Ackman Answers Munger's Valeant Critique by Faulting Cokeby and
Coca-Cola responsible for obesity around world, Ackman says
Ackman speaks at New York event honoring Warren Buffett
The symposium at the Museum of American Finance was billed as an event commemorating Warren Buffett’s 50 years leading Berkshire Hathaway Inc. and the billionaire’s “exceptional management and savvy acquisitions.”
Among those highlighted on the program were Buffett biographer Roger Lowenstein, dealmaker Byron Trott and money manager Bill Ackman, who has long expressed his admiration for Berkshire. But Ackman couldn’t resist getting in a dig at Berkshire at the event Wednesday in New York -- not after the company’s vice chairman, Charles Munger, criticized Valeant Pharmaceuticals International Inc.
Ackman’s Pershing Square Capital Management is Valeant’s third-biggest shareholder, and the money manager said that Munger, 91, had no business calling the drug company immoral, especially given the profits that Berkshire made from investing in soft-drink maker Coca-Cola Co.
“I have a problem with Berkshire’s ownership of Coke,” Ackman told an audience of about 200 people. “Coca-Cola has probably done more to create obesity, diabetes on a global basis than any other company in the world.”
Ackman has been working to defend Valeant after scrutiny of its pricing practices and a pharmacy partner contributed to a 42 percent stock drop this year through Tuesday. Munger said in a recent interview that Valeant is a “deeply immoral” company because of its practice of acquiring rights to treatments and boosting prices.
“I’m never one for avoiding controversy,” Ackman told the attendees, which didn’t include Buffett or Munger. “What is Coca Cola’s business model? Coca-Cola’s business model is to displace the water that children and adults consume with sugar water.”
Ackman went too far in his critique of the company, which also sells bottled water, milk and fruit juice, Kent Landers, a spokesman for Atlanta-based Coca-Cola, said in an e-mail. “These comments are irresponsible and do not recognize the current breadth of our business,” he wrote.
Candy, Ice Cream
Buffett is known for his investments in sugary treats. Berkshire owns See’s Candies and Dairy Queen, and has a large stake in Kraft Heinz Co. The billionaire said in May that he doesn’t see many people smiling at Whole Foods Market Inc., the grocery chain known for its offerings such as almond butter and organic frozen blue curled kale.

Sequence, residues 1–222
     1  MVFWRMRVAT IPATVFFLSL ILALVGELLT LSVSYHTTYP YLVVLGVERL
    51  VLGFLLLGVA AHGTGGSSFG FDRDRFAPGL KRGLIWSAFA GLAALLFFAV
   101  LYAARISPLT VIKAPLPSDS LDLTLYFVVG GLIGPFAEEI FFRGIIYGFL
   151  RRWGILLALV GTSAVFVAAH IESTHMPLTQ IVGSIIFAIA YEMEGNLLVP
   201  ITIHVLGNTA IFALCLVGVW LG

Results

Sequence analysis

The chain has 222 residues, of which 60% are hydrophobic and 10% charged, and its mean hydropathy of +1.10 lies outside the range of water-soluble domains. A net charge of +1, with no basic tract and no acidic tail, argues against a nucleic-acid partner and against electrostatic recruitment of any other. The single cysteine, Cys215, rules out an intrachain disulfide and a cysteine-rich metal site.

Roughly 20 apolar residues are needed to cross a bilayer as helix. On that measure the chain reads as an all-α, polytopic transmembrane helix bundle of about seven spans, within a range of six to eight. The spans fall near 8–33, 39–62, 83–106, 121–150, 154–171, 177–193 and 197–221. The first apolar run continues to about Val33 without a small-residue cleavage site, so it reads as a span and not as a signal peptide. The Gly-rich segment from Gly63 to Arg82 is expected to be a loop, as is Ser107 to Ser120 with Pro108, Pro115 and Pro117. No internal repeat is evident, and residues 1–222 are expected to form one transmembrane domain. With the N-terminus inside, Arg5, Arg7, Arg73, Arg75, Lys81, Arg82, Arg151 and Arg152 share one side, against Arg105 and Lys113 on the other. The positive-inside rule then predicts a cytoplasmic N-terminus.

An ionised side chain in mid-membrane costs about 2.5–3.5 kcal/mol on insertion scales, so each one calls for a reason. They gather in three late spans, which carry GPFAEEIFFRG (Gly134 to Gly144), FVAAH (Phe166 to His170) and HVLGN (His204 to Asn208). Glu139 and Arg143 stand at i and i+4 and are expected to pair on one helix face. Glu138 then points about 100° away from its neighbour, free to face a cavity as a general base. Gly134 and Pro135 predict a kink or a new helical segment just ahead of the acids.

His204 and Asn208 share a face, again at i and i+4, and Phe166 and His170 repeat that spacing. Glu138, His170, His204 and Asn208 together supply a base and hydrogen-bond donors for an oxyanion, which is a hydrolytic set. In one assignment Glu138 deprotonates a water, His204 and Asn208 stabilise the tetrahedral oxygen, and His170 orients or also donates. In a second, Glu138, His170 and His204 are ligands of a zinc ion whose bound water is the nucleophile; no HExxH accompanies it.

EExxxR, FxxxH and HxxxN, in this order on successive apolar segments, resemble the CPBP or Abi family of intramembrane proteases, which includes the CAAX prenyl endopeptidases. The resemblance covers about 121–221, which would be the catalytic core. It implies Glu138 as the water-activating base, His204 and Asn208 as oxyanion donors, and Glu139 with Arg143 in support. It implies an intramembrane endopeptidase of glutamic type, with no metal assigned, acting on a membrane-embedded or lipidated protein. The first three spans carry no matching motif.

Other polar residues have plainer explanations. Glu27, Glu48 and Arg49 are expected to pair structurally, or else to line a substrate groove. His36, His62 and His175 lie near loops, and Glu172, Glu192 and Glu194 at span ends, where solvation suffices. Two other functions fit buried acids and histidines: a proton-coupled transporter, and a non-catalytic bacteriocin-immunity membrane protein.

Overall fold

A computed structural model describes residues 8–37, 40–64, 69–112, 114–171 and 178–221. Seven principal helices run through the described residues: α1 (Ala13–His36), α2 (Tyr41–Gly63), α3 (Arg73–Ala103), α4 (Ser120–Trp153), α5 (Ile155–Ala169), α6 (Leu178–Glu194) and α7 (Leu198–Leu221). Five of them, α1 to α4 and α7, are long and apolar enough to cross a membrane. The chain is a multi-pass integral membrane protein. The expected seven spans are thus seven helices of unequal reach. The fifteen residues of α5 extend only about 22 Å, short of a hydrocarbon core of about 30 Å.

Ackman’s Pershing Square has also invested in Mondelez International Inc., the maker of Oreo cookies. Pershing Square and Berkshire have both taken stakes in Restaurant Brands International Inc., owner of Burger King and the Tim Hortons doughnut chain.
Buffett, who has cultivated a folksy personality and sought to distinguish his long-term approach as a more informed strategy of investing, has drawn criticism before from high-profile investors. Hedge fund manager Dan Loeb said in May that the billionaire is full of inconsistencies.
“He criticizes hedge funds yet he really had the first hedge fund,” Loeb said at a conference that month. “He criticizes activists. He was the first activist. He criticizes financial service companies, yet he likes to invest in them. He thinks that we should all pay more taxes but he loves avoiding them.”
Happy Skinny People
Berkshire’s holding in Coca-Cola is valued at more than $16 billion. Buffett’s Omaha, Nebraska-based company acquired the stake at a cost of about $1.3 billion, mostly by the end of 1989. Ackman said the company’s profits are built on savvy branding at the expense of its customers.
“You have some of the best marketing in the world and a lot of happy skinny people drinking it in the advertising,” Ackman said. “Unlike the tobacco companies, there’s no disclaimer on the Coke saying ‘replacing the water in your diet with Coca-Cola can cause harm.’ So when Charlie was saying Valeant is a deeply immoral company I would argue that.”